Mr. Campbell. I do know the author, but bishop Purcell does not.
Bishop Purcell. That is Protestant Jesuitism. He is the publisher. In the New York Churchman of a recent date, there is a story told of a most egregious imposture practised on the patrons of this same volume. The editors professed to give the views of the different sects, in the very words of their respective standards, or accredited writers, and carefully disguised the fact, that it was to be subservient to the interests of one particular sect, the Baptists. They applied to an Episcopal minister, to write an article on Episcopacy, and to patronize the publication. This looked like fair play—the poor minister was caught in the snare and signed his name recommending the Encyclopaedia. But lo! when the work appeared, it was wholly opposed to Episcopalianism; and this flagrant violation of the faith due to the public from the publishers, elicited a most cutting, but at the same time, most merited castigation from the (Episcopal) Churchman. I hope the article will be read, by every sincere enquirer after truth, that he may be able to appreciate, according to its value, this new humbug.
We come back to the Jesuits. It was so notorious to Frederick, the Great, of Prussia, that the Jesuits had been calumniated, and most foully dealt with, that, Protestant, as he was, he received them in his dominions, and placed them in many of his colleges. He told the other kings of Europe that they would soon be sorry for the expulsion of an order that had done so much for literature and science. "The day will come," said he, "when you will be offering me, 300 pounds for a procurator, 400, for a professor, 600, for a Rector, and a per valorem, for inferior officers of the Jesuits, but depend upon it, I will fleece yon well. I will make you pay dearly for your folly." Frederick was a great judge of human nature, my friends, and he had a keen sense of the superior claims of the Jesuits, for good scholarship, and morality. Hence his kingdom and his palace were given them, with his own confidence. The celebrated preacher, Bourdaloue, was a Jesuit, and who has ever preached a sounder, or a purer morality?
My worthy friend said, the Jesuits supported kings and monarchs, and were for crushing the people; and most grossly did he contradict himself, by stating almost at the same moment, that they were the most formidable enemies of kings, and it was for their opposition to their measures, that kings banished them from several of the kingdoms of Europe. Thus they were, according to his account, the supporters of kings and the enemies of kings! The infamous Pombal of Portugal began the crusade against the Jesuits. Read his history, and it will be their best vindication—or see them among the savages of Paraguay! This word alone reveals to the intelligent reader, a series of wonders performed for God, humanity and virtue, such as the world, perhaps, has never witnessed since the establishment of Christianity.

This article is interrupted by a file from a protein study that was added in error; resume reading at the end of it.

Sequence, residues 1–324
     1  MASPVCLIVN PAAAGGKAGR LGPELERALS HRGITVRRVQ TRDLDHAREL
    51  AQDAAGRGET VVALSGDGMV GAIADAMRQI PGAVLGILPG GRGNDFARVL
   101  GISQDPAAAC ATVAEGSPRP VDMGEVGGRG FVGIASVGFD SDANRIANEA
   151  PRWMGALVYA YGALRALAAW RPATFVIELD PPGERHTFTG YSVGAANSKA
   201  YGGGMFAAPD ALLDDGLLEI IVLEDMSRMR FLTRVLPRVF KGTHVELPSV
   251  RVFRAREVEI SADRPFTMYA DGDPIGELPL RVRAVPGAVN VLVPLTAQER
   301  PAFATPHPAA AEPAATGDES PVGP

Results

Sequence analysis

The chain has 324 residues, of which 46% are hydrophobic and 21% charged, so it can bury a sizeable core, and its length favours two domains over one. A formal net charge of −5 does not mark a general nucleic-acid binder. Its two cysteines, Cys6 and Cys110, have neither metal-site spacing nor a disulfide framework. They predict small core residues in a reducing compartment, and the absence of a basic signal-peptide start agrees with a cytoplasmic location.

Next comes the theocracy of the Jews. And is not Jehovah our king also? Is he not ever Lord over all? Do we not acknowledge that there is no power but from him? My argument was this. If it be essentially incompatible with liberty, to obey the same ruler in temporal and ecclesiastical things, God could not have established such a government on earth. But, God did establish such an authority; therefore, it is not incompatible with liberty. I do not wish to see it now, unless God should vouchsafe to be as manifestly our king, as he was the king of the Jews; which is not to happen under the Christian dispensation, as it did under the old law. Christ has declared, that his kingdom is not of this world. My worthy opponent said, that the fleshly body and the heavenly body of Christ, were not the same. I ask, then, what became of his fleshly body? Did it rot in the ground? I call on him to answer this question. "Thou wilt not leave my soul in hell," says David, "nor wilt thou suffer thy Holy One to see corruption." (Ps. xv. 10.) It was spiritualized, but still the same body, according to what he said to his disciples, frighted at this apparition, supposing they had seen a spirit: "See my hands and my feet: it is myself: handle and see; for a spirit hath not flesh and bones, as you see me to have." (Luke xxiv. 39.) He is "ever living," (Heb. vii. 25,) to make intercession for us, by the eloquent mouths of his wounds, which he exhibits, for us, to his Father in heaven. He gave them, as he had previously done to Thomas, the signs they asked; while he reprehended them, as he did that apostle, "forslowness of belief ." It was thus that, when the Jews murmured for meat in the wilderness, loathing as light food the manna of heaven, God gave them meat to satiety; and afterwards, for their unbelief, not only excluded them from the land of promise, but scattered their carcases in the desert.
My friend told you, how much afraid he was of Catholics. My friends, what a pretty tale he made of it. I was really going to say: "Poor baby, do not be so afraid: do not be such a coward: shake off those old woman's fears about raw head and bloody bones, and be more manly." Washington, though he lived in a less enlightened